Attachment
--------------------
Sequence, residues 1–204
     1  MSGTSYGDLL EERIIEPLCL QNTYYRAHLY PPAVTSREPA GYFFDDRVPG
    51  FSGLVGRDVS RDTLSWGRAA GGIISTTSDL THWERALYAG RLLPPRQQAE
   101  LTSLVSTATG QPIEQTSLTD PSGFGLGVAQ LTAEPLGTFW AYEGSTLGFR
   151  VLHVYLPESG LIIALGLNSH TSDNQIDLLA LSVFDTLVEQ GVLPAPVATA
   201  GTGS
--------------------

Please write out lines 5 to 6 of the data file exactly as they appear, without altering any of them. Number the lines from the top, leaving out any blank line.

   151  VLHVYLPESG LIIALGLNSH TSDNQIDLLA LSVFDTLVEQ GVLPAPVATA
   201  GTGS